Vauxhall Astra: How to get started and car features
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Vauxhall said it has revised prices for their new Mokka-e and Vivaro-e to below £35,000 to ensure new buyers still receive the discount. The Mokka-e SE Premium model will now be priced at £33,000 with the range-topping Mokka-e Launch Edition at just under £35,000.
The Vivaro-e has seen its list prices realigned by more than £2,000 with prices starting from £34,995.
Vauxhall has confirmed the new prices will come into immediate effect to ensure road users are not caught out by the new car grant changes.
Paul Wilcox, Managing Director at Vaxchall said their cars will continue to be available to “the greatest number of people”.
He said: “At Vauxhall, we believe in making sure our vehicles are as accessible as possible to the greatest number of people, and especially so when it comes to zero emissions-in-use motoring, so I am pleased to confirm that all Corsa-e, all Mokka-e and the new Vivaro-e Life Combi are eligible for the Government Plug-in Car Grant.”
The updates come after the Government announced a string of major changes to their electric car grants last week.
The rules changes have seen the overall discount cut from £3,000 to just £2,500 while the number of cars eligible has also dropped.
The scheme is now only available to models priced below £35,000 with the Government claiming those who are buying cars above this figure are not reliant on taxpayer-funded grants.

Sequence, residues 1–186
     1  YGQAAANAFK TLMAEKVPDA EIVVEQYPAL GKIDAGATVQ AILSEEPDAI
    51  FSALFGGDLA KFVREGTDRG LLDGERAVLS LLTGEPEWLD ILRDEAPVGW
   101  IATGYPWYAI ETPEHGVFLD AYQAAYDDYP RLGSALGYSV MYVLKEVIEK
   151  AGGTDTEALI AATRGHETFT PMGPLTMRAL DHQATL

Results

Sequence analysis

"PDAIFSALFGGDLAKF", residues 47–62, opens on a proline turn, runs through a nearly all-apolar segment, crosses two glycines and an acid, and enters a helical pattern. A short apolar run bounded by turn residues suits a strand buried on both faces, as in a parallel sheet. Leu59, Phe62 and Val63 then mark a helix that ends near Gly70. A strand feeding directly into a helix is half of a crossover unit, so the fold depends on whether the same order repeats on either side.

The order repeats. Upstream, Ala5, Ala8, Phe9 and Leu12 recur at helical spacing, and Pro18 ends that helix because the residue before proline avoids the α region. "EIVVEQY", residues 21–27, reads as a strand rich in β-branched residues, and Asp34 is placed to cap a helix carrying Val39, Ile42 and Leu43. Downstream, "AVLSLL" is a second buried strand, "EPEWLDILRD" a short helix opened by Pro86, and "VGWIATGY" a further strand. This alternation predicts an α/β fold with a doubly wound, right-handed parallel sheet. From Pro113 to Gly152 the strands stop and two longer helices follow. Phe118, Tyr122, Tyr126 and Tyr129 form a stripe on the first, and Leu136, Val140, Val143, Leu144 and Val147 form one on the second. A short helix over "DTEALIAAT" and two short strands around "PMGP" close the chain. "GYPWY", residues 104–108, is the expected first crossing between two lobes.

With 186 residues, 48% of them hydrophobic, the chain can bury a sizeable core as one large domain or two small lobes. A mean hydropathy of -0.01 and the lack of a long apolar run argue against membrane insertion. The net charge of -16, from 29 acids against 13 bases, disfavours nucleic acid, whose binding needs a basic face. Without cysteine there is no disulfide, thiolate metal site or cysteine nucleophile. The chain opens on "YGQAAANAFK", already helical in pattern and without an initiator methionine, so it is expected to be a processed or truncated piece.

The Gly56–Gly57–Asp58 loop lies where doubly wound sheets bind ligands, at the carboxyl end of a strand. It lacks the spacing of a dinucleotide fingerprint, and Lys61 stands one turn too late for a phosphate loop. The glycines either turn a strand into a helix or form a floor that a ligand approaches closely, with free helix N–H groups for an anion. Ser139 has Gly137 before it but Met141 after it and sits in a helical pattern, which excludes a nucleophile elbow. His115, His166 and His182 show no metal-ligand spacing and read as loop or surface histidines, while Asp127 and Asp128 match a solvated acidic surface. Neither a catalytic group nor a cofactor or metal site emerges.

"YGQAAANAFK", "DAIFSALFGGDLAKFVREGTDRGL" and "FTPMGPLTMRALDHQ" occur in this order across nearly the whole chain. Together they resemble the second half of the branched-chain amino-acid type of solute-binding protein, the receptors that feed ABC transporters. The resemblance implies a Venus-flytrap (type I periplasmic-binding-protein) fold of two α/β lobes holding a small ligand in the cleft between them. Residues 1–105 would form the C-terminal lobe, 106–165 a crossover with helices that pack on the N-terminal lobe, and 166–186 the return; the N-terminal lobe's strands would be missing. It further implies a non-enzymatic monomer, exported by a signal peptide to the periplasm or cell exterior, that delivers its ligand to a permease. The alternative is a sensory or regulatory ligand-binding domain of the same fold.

Vauxhall is not the only manufacturer to make sudden changes to their vehicle prices since the announcement.
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Citroen has reduced the cost of its all new electric e-C4 by £550 to ensure it remains below the £35,000 threshold.
The move was previously priced at £35,495 but will now be available for just £34,995 to ensure new buyers can still receive a discount.
Eurig Druce, Citroen UK’s Managing Director said the firm were “disappointed” at the news and called for “long-term support”.
Mr Druce said: “We were disappointed to hear the news that the support for consumers to make the switch to a low emission vehicle had been reduced.
“For this period of transition to be a success and for electrification targets to be met, both the industry and consumers need clearer long-term guidance and support on how we will get there.
Experts at the Department for Transport claim the new changes will ensure the funding last longer and is available to more drivers.
The DfT said the number of electric car models priced under £35,000 has increased by almost 50 percent since 2019 with half of the models on the market still eligible for the scheme.
The Government said it has provided close to £1.3billion to cars since the scheme was first launched in 2011.
It claims more than 285,000 vehicles have been purchased with discounts over the past decade.
DfT spokesperson, Rachel Maclean said: “We want as many people as possible to be able to make the switch to electric vehicles as we look to reduce our carbon emissions, strive towards our net-zero ambitions and level up right across the UK.
“The increasing choice of new vehicles, growing demand from customers and rapidly rising number of chargepoints mean that, while the level of funding remains as high as ever, given soaring demand, we are refocusing our vehicle grants on the more affordable zero-emission vehicles – where most consumers will be looking and where taxpayers’ money will make more of a difference.
“We will continue to review the grant as the market grows.”
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